To do improve the binder transactions, follow these steps:

  1. Open the AccelerateHeavyScreen.kt file.
  2. Locate the PublishedText composable. This composable formats a datetime with the current timezone and registers a BroadcastReceiver object that keeps the track of timezone changes. It contains a currentTimeZone state variable with the default system timezone as an initial value and then a DisposableEffect that registers a broadcast receiver for the timezone changes. Lastly, this composable shows a formatted datetime with Text. DisposableEffect, which is a good choice in this scenario because you need a way to unregister the broadcast receiver, which is done in the onDispose lambda. The problematic part, though, is that the code inside the DisposableEffect blocks the main thread:
fun PublishedText(published: Instant, modifier: Modifier = Modifier) {
    val context = LocalContext.current
    var currentTimeZone: TimeZone by remember { mutableStateOf(TimeZone.currentSystemDefault()) }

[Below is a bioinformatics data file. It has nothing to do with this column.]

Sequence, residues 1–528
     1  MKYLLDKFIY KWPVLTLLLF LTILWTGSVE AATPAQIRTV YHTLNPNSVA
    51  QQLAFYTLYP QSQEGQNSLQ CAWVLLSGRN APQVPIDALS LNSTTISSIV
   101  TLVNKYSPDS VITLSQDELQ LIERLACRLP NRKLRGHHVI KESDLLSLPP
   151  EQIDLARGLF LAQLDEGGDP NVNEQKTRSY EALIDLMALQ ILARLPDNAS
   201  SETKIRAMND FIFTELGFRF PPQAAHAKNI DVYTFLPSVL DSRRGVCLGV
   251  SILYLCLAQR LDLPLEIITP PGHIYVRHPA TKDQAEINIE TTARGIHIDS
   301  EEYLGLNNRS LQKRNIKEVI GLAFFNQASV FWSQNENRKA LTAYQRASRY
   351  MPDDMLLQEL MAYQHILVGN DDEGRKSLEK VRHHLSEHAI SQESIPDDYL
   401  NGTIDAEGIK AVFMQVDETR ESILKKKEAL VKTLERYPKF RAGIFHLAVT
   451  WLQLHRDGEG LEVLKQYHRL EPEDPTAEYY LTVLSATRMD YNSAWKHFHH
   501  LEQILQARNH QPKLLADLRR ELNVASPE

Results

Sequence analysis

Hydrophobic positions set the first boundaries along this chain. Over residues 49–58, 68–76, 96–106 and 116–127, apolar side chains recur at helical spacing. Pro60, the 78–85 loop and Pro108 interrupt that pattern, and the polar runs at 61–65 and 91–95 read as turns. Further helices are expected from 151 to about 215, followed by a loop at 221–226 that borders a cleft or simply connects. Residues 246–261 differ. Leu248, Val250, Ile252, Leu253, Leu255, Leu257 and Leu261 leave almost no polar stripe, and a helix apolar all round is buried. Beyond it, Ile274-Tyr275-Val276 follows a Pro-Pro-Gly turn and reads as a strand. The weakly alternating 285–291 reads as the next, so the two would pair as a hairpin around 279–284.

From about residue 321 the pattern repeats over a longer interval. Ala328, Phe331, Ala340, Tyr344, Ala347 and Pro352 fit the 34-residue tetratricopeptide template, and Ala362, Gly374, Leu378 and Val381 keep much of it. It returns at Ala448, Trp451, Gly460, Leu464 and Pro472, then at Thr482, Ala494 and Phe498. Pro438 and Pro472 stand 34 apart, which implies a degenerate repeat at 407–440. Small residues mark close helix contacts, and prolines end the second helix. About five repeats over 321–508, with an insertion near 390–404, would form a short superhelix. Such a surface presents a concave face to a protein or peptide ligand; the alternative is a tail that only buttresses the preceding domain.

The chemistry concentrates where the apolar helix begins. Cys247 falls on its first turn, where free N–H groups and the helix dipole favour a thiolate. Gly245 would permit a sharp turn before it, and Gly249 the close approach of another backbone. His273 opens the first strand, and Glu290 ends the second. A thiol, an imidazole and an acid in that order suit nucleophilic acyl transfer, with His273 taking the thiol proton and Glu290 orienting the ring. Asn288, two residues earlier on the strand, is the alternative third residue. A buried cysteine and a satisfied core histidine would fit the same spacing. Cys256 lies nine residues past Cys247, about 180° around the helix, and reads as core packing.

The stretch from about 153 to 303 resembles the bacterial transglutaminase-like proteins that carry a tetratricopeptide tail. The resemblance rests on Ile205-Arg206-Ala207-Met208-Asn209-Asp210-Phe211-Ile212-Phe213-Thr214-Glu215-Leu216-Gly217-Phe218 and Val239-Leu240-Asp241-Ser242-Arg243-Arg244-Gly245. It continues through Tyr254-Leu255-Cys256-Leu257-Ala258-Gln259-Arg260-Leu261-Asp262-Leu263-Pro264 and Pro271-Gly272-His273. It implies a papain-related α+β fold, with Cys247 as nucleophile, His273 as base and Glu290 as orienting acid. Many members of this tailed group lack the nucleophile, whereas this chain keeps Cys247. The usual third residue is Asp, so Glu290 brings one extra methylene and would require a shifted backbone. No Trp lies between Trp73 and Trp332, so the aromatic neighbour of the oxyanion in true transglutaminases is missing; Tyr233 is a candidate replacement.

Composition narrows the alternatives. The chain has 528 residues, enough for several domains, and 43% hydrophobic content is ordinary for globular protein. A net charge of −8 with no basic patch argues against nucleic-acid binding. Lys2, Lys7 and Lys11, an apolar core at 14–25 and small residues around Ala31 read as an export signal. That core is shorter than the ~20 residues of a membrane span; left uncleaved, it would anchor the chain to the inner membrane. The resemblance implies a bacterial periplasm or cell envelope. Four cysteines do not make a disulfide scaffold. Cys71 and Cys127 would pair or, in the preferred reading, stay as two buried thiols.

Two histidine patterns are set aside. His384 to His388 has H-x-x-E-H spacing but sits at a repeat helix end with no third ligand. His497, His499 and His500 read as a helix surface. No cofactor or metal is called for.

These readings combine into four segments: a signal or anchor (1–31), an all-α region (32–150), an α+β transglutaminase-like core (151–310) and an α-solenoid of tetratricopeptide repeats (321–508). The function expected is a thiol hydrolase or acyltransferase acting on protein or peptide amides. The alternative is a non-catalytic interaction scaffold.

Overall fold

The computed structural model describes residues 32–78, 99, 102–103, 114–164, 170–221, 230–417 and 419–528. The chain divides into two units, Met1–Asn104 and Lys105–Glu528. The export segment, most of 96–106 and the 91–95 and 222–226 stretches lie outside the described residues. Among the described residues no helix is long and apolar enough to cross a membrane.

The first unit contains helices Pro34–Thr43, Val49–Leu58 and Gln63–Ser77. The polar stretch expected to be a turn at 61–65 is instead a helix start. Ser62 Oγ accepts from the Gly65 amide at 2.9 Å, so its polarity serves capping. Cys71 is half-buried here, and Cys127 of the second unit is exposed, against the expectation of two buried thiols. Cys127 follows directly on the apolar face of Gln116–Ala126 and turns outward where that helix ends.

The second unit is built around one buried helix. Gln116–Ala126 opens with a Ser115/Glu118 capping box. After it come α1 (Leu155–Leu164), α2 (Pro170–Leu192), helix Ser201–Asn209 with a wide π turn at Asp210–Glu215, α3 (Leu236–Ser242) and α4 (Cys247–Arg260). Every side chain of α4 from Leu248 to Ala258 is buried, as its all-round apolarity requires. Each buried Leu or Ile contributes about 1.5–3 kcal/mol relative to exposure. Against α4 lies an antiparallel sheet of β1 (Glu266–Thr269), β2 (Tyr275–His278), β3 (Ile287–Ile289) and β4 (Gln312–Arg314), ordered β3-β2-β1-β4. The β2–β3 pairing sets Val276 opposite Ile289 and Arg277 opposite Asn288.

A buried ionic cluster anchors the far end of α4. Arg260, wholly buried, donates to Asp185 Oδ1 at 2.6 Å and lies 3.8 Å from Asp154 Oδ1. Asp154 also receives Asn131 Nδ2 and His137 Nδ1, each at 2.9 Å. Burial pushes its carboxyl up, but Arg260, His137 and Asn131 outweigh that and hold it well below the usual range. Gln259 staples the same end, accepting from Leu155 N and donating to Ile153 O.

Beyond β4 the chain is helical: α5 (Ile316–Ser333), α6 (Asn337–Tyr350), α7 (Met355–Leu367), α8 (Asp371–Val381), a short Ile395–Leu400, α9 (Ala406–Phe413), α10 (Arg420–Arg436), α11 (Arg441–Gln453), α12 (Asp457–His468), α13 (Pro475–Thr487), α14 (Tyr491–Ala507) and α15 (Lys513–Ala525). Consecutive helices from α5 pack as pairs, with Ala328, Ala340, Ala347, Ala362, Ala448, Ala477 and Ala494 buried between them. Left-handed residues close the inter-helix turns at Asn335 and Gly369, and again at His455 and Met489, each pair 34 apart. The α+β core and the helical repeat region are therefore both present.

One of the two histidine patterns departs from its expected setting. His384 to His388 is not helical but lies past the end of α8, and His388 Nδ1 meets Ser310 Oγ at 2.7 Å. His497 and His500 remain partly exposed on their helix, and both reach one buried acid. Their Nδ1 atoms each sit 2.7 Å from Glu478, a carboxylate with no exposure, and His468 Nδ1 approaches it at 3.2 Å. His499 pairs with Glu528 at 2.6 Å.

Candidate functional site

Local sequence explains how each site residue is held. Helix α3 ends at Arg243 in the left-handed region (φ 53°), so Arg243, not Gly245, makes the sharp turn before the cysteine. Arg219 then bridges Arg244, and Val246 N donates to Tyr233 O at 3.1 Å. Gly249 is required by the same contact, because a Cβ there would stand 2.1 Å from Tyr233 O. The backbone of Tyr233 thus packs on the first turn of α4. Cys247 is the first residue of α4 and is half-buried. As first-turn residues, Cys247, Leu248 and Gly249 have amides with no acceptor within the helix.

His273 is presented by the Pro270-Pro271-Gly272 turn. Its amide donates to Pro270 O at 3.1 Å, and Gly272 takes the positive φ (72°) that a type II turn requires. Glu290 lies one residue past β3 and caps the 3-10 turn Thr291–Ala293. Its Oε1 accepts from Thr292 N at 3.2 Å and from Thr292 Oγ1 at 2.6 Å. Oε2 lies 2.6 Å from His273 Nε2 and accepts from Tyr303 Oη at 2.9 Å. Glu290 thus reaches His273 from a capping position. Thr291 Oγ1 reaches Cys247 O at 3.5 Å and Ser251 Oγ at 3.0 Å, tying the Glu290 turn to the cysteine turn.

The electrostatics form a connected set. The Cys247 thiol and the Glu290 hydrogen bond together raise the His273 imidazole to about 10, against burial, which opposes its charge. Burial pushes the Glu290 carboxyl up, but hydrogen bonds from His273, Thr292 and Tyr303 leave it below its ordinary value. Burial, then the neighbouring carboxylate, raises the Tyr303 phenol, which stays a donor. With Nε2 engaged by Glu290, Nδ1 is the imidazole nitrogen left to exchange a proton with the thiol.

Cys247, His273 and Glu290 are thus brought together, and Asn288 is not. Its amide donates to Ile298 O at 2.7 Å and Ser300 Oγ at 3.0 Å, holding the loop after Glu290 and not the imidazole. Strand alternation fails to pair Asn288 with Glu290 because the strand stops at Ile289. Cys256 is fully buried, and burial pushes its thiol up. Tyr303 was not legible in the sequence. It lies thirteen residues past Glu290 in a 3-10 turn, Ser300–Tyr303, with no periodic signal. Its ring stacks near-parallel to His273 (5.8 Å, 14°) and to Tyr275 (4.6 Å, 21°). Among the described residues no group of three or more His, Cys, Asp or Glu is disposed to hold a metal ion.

DisposableEffect(Unit) {
        val receiver = object : BroadcastReceiver() {
            override fun onReceive(context: Context?, intent: Intent?) {
                currentTimeZone = TimeZone.currentSystemDefault()

        // TODO Codelab task: Wrap with a custom trace section
        context.registerReceiver(receiver, IntentFilter(Intent.ACTION_TIMEZONE_CHANGED))

        onDispose { context.unregisterReceiver(receiver) }

        text = published.format(currentTimeZone),
        style = MaterialTheme.typography.labelMedium,
        modifier = modifier
  1. Wrap the context.registerReceiver with a trace call to ensure that this is indeed what's causing all the binder transactions:
trace("PublishDate.registerReceiver") {
    context.registerReceiver(receiver, IntentFilter(Intent.ACTION_TIMEZONE_CHANGED))